But I am a sucker for a vintage book. When I discovered A Little Treasury of Great Poetry on the Friends of the Library sale table, I snatched it up quicker than you could say "Tyger! Tyger! Burning bright..."
This anthology, which boldly promises to hold The Best Poems of Seven Centuries, was published in 1947. Its editor was Oscar Williams, himself a poet, although he was more well-known for his collections of others' poetry than his own.
What I like about this anthology, American and British poems ranging from Chaucer to Dylan Thomas, is that the works are divided into categories.
So we have Poetry of the Earth, Beginnings, Spirit of Man, Mortality, Snow, Auguries of Innocence, Time, Age and others. And finally there is the delightful section of humorous ditties, Jabberwocky.
In all there are 766 pages of long, short, narrative, and lyric poems; ballads; songs; and, passages from great plays. There is an index of authors and titles, an index of first lines, and lo, and behold, portraits of the poets. I just love looking at their faces! Only two females are featured in this gallery - Elizabeth Barrett Browning and the anthologist's wife, poet Gene Derwood.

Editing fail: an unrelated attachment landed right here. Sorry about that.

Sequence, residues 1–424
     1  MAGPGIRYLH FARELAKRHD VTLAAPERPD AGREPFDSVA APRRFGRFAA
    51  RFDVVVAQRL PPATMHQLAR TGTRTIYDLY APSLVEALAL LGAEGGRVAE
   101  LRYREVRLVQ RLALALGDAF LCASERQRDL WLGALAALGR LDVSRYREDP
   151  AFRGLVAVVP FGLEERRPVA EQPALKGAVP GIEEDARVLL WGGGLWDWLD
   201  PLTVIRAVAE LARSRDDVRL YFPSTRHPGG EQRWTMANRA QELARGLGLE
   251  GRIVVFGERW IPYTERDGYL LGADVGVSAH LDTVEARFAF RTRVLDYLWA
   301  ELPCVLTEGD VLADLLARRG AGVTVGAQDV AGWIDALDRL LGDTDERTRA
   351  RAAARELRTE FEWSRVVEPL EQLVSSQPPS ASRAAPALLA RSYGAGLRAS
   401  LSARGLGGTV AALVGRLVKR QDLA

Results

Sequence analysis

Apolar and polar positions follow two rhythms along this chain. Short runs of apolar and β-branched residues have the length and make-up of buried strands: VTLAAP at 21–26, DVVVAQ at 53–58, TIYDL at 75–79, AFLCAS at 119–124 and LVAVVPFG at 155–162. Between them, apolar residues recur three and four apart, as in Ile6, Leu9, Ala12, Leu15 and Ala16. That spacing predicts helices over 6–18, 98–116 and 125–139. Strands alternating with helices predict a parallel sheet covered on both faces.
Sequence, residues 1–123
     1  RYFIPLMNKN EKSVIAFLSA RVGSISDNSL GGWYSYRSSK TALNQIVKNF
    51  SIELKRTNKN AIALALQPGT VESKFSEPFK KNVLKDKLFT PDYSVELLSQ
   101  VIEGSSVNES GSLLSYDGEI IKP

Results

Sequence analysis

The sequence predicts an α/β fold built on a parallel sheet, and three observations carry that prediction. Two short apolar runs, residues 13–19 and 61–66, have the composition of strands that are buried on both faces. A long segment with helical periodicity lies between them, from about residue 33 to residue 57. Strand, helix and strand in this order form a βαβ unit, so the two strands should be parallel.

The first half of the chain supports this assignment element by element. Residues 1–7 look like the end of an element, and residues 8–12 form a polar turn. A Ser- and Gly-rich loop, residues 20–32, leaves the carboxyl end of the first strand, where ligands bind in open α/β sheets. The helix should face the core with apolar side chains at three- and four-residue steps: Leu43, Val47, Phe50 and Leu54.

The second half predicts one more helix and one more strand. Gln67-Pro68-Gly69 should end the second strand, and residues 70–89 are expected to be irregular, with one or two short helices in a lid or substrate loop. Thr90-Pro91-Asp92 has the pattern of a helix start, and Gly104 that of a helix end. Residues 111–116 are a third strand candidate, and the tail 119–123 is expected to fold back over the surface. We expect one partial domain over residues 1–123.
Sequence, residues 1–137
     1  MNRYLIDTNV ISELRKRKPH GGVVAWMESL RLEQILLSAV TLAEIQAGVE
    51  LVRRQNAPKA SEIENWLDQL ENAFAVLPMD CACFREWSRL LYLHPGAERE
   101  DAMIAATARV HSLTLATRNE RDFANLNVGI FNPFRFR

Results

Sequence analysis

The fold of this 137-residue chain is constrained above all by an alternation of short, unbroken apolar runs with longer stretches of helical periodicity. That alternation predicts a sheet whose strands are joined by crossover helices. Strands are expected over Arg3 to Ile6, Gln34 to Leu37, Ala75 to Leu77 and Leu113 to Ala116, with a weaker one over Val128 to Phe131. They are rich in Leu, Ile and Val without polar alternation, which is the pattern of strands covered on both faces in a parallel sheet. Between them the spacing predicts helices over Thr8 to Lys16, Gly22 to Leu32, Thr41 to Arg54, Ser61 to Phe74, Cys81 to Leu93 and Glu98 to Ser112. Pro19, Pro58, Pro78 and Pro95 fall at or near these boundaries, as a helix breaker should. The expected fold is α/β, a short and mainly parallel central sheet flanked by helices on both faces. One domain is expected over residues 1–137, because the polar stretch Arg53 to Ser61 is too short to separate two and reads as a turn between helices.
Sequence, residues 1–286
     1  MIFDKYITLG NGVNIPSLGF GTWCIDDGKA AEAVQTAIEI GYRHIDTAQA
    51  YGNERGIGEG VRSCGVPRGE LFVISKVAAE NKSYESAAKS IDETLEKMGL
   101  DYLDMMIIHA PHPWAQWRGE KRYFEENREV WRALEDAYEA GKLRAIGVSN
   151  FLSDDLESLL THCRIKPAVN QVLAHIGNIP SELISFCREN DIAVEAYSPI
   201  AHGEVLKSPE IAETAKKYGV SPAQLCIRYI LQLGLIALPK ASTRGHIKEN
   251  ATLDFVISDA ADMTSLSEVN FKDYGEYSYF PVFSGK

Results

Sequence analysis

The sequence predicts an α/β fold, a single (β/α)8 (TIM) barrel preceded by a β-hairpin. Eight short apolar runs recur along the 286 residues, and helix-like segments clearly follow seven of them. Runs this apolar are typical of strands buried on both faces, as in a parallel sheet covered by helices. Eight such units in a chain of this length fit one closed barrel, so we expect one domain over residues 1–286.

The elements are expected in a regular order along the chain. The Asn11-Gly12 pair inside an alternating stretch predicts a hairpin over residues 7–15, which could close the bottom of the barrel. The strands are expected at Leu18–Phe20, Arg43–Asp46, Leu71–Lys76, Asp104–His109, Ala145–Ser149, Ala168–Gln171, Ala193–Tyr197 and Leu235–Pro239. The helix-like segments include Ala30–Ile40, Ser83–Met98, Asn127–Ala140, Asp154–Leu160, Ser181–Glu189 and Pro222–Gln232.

The book is just the size to sit on my bedside table which may encourage me to pick it up and read a stanza or two before bed.
I kept thinking that Mr. Williams' name sounded familiar, so I searched my shelves and sure enough, I came across Immortal Poems of the English Language which he also gathered. It was given to me by a dear friend on my birthday (which just happens to be tomorrow - I hope there will be cake!) many years ago. To give you an idea of just how long ago, the little paperback cost seventy-five cents.
Are you reading any poetry these days?